Why did so many law-abiding citizens turn their weapons at this event? We’ve got the answer right here …
Portland Police Bureau East Precinct Sgt. Tim Sessions checks out a gun being turned in at the Lents Neighborhood Association event.
Story and photos by David F. Ashton
The Lents Neighborhood Association, in cooperation with Ceasefire Oregon and the Portland Police Bureau, provided citizens the opportunity for citizens to turn in working handguns and rifles on November 1.
“I guess the word got out,” said Dewey Akers, the immediate past chair of the neighborhood association. “We had people coming here, from as far away as Canby and Gresham, from the hour we opened.”
Akers said that Ceasefire Oregon made a presentation to the neighborhood association, at which time they agreed to sponsor the turn-in program.
Gets guns off the street
In charge of the day’s program was Portland Police Bureau East Precinct Sgt. Tim Sessions, who talked with us about the event, as he made sure guns were made safe and ready for transport.
“The number one reason do this is to help keep us all safe,” Sessions began. “And, we encourage people who don’t want guns they inherited or have to bring them to events like these. It gives them a safe way to turn in a gun to be destroyed without any questions asked.”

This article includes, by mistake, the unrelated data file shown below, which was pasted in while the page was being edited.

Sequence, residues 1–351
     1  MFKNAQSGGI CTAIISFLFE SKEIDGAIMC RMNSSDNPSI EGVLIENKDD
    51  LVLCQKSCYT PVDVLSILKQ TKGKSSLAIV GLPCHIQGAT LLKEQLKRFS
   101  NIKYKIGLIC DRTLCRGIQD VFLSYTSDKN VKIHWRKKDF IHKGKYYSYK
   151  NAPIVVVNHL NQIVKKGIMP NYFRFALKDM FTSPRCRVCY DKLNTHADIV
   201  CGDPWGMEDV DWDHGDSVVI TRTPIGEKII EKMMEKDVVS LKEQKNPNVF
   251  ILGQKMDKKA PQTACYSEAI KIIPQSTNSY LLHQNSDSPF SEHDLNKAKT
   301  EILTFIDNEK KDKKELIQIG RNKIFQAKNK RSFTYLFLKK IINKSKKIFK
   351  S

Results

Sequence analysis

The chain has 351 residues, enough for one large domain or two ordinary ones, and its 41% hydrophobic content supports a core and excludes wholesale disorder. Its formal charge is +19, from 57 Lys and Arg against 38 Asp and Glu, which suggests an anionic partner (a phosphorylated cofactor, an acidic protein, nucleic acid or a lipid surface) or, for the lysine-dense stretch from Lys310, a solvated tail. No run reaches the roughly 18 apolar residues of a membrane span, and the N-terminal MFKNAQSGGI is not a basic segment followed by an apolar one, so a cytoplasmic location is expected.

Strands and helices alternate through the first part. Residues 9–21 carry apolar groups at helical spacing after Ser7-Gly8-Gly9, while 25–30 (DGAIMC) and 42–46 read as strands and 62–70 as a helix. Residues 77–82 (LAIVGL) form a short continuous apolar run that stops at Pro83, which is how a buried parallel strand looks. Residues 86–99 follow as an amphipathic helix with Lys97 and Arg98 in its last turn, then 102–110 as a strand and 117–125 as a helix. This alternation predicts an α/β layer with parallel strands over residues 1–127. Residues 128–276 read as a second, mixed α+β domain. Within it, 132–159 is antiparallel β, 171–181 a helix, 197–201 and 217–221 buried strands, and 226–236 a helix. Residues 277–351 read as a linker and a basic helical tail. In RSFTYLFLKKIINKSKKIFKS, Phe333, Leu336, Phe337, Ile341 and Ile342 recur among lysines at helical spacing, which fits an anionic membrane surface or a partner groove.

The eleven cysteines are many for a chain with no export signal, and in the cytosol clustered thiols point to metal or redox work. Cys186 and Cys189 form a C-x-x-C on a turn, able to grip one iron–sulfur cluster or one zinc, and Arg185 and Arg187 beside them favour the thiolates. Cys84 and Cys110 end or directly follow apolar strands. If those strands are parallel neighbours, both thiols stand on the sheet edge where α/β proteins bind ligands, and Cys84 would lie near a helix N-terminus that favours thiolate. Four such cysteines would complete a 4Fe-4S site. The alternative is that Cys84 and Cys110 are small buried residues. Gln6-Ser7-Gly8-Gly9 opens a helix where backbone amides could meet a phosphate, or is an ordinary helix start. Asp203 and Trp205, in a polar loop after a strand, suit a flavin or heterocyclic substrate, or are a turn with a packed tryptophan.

Sessions said gun turn-ins help “keep us all safe” because, “When you think about it, if a person doesn’t know how to be responsible for a gun doesn’t know how to secure the weapon, there is the possibility of an accidental shooting. Add to that is the potential of a theft or burglary that can put the gun ‘on the street’, and in the wrong hands.”
Portland Police Bureau East Precinct Cadets Houck and Cisneros help at the event.
Said most successful ever
“Ceasefire Oregon”, we were told, collects donations used to buy gift certificates which are then given to citizens who surrender a “workable firearm weapon”. At this event, each citizen turning in a working weapon received a $75 Fred Meyer certificate, with a maximum of two certificates for two guns turned in.
“We started out with 375 certificates, and gave out 100 IOUs after we ran out,” commented Akers. “I didn’t think anyone would leave their name and address on the envelope, but they did.”
We observed some citizens deciding to keep their gun after they learned the supply of gift certificates was exhausted.
534 guns were surrendered at the Lents turn-in; organizers said it was their most successful event ever.
© 2008 David F. Ashton ~ East Portland News.